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Common Law Marriages

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I know someone brought up the topic once in regard to common law marriages --- and if they would be considered if the state they lived in didn't acknowledge common law.

I am posting this because I will probably NEVER find it again.... But it says that the VA CAN regognize common law marriages -- even if the state the person lived in didn't IF the person was NOT aware that the state did not recognize common law marriages. Interesting...

M21-1, Part IV July 1, 2004

Change 201



(2) Surviving spouse claimants

(a) In VAOPGCPREC 58-91 the General Counsel held that lack of residence in a jurisdiction recognizing common law marriages is not a bar to establishment of a common law marriage for a surviving spouse claimant. The rationale is that the common law marriage could be "deemed valid" under 38 CFR 3.52 on the theory that the surviving spouse could have entered into the purported common law marriage without knowledge of the fact that there was an impediment to the marriage. The impediment, of course, would be the jurisdiction's nonrecognition of common law marriages.

(:rolleyes: If a surviving spouse claimant alleges a common law marriage in a jurisdiction that does not recognize common law marriages, proceed with normal common law marriage development (part III, paragraph 6.08c) and, in addition, secure the surviving spouse's statement as to whether he or she was aware that common law marriages were not recognized in the jurisdiction and the reasons for this understanding.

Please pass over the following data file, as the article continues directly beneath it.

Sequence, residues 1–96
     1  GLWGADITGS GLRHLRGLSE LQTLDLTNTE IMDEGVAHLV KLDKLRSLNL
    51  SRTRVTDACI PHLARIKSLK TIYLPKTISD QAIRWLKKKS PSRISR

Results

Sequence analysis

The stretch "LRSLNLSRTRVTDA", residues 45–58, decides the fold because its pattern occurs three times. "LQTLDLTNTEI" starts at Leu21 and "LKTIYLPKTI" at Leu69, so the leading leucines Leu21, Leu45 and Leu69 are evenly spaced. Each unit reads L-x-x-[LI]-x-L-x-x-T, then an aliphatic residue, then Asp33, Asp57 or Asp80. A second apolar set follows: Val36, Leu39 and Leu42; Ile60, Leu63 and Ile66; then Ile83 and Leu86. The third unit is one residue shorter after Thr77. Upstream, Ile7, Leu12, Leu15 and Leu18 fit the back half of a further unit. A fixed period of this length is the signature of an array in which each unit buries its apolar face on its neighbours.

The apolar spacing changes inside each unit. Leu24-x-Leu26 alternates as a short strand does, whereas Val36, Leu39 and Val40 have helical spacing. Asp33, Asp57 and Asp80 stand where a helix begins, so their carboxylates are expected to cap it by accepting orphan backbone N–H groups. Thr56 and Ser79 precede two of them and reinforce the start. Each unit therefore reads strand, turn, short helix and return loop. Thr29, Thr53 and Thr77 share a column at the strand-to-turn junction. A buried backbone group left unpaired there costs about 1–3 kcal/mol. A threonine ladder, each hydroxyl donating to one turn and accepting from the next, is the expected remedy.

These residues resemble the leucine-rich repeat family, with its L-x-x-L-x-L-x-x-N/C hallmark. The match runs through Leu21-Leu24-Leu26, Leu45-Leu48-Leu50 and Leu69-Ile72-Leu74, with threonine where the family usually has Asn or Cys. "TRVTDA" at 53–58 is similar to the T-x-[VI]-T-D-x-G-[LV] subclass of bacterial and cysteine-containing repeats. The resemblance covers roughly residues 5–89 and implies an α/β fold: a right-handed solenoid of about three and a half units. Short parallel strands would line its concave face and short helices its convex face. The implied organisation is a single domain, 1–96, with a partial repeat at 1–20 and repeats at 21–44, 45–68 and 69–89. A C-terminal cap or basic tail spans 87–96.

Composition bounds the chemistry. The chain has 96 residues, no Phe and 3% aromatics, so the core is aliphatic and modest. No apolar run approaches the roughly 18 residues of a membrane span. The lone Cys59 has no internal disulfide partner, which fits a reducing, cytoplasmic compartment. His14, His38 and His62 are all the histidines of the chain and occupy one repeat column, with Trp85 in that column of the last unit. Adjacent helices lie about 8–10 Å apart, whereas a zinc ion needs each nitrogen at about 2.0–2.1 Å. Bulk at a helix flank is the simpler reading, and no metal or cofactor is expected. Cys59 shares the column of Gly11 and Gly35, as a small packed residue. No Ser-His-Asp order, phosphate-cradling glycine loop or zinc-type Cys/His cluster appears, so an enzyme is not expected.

© Based on the statement submitted by the claimant and any other evidence of record, the Veterans Service Representative (VSR) must determine, as a question of fact, whether the claimant was without knowledge of the impediment to the marriage. VAOPGCPREC 58-91 and Court of Appeals for Veterans Claims (CAVC) decisions such as Colon v. Brown, No. 94-71, do not limit VA's ability to conduct the full inquiry required by 38 U.S.C. 103(a) nor does it invalidate the Department's responsibility to weigh the evidence submitted both as to its probative value and credibility. If it is determined that the claimant was without knowledge of the impediment to the marriage, the other requirements of a deemed valid marriage are satisfied (paragraph 12.10), and all the elements of a common law marriage are present (subparagraph b above), a common law marriage can be established. Decisions which are adverse to the claimant must clearly articulate the evidence considered, the comparative weight assigned to each, and an evaluation of the credibility of the evidence and the reason we assigned that evaluation. Avoid unsubstantiated speculative statements such as "the claimant must have known."

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